AAA is estimating that 1.2 million Michiganians will travel 50 miles or more this Thanksgiving holiday, with about 87 percent of travelers driving. And if the five-year average stands, there will be about 14 deaths from traffic crashes.
“While the economy presents challenges for many Michigan residents, the desire to spend time with family and friends is strong. Our highways and airports will be busy this holiday,” said Claire Lockley, Travel vice president with The Auto Club Group, which includes AAA Michigan.
But, according to the Michigan Office of Highway Safety Planning, there’s one sure recipe that can turn a joyful holiday into a tragedy: failure to buckle up and driving drunk.
Over the past five years, Michigan has averaged 14 traffic deaths during the Thanksgiving holiday period. During the 2008 Thanksgiving weekend, 13 people died in traffic crashes in Michigan. Ten of those fatalities involved alcohol and eight of those who died were not buckled up.
“Seat belts are the single most important safety device in your vehicle and they have saved countless lives and prevented untold numbers of injuries over the years,” said Michael L. Prince, Office of Highway Safety Planning director. “Be safe this Thanksgiving by making sure everyone in the vehicle is buckled up before you start your trip.”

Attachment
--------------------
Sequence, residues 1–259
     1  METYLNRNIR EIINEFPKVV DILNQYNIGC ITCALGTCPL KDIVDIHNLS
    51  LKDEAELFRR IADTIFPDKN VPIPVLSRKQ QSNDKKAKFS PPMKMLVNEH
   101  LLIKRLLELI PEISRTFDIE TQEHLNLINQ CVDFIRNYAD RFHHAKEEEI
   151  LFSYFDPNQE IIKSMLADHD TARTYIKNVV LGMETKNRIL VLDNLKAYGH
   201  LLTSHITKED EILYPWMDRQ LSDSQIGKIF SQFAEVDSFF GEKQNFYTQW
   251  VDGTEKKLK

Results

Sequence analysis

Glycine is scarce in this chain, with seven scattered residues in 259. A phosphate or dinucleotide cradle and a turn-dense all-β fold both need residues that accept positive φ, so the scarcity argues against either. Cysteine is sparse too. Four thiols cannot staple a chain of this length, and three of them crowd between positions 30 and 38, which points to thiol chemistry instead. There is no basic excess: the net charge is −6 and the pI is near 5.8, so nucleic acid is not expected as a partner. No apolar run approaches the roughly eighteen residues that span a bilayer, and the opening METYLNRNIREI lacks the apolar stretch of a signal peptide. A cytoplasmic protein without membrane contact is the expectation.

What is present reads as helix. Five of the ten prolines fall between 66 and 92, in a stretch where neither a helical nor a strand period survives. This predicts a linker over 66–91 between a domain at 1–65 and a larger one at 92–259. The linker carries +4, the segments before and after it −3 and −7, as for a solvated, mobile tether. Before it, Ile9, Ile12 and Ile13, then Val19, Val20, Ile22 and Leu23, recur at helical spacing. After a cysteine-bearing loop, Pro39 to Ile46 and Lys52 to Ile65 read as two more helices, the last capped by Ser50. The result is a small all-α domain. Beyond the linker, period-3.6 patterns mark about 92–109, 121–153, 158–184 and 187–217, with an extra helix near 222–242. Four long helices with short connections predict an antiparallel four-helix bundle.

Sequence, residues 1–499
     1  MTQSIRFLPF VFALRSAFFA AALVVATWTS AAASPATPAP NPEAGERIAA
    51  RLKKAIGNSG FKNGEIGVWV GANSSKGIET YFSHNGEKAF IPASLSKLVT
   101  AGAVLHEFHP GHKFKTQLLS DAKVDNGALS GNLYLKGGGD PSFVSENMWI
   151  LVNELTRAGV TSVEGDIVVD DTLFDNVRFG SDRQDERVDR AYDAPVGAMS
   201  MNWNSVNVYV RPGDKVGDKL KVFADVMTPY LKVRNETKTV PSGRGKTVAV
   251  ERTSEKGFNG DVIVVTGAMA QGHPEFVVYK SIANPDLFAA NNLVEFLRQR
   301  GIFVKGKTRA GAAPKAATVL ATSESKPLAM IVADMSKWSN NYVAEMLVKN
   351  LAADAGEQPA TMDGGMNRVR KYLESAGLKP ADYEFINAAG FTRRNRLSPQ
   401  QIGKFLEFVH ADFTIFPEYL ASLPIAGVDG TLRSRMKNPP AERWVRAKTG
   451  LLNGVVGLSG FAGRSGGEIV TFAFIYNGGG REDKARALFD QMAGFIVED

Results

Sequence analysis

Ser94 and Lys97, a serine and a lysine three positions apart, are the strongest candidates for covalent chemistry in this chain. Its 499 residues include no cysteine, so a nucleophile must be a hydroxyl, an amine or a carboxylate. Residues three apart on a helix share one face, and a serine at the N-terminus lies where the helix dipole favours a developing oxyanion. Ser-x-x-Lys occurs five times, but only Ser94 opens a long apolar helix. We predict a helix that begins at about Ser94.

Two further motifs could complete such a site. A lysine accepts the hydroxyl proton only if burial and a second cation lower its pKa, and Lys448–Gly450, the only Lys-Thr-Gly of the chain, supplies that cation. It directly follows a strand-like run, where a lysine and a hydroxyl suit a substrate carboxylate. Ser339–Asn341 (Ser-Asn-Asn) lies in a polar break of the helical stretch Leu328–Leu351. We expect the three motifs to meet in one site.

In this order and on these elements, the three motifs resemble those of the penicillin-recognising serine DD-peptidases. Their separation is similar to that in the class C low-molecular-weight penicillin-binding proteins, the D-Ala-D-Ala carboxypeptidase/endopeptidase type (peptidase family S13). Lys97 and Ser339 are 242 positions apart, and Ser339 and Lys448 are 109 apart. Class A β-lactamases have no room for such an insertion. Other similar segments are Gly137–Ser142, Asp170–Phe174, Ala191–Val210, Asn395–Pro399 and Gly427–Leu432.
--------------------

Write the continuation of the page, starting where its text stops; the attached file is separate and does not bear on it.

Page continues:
Michigan’s seat belt use rate has steadily climbed over the past decade and currently stands at a record-high 97.9 percent, the highest in the nation. But last year, of the 841 vehicle occupants who died in traffic crashes, 244 were not restrained.
According to the National Highway Traffic Safety Administration, seat belt use is the best defense in a crash. Research has shown that when lap and shoulder belts are used properly, the risk of fatal injury to front-seat passenger car occupants is reduced by 45 percent, and the risk of moderate to serious injury is reduced by 50 percent.
Motorists are also reminded to designate a sober driver this holiday season. About 35 percent of all traffic fatalities in Michigan involve alcohol and/or drugs.
A first-time drunk driving conviction carries heavy penalties including up to 93 days in jail, up to a $500 fine, up to 360 hours of community service, six points on a driver’s license and up to 180 days’ license suspension.
In addition, convicted drunk drivers will be subject to a $1,000 fee for two consecutive years, for a total of $2,000 in additional costs. Anyone who refuses a breath test the first time is given an automatic one-year driver’s license suspension.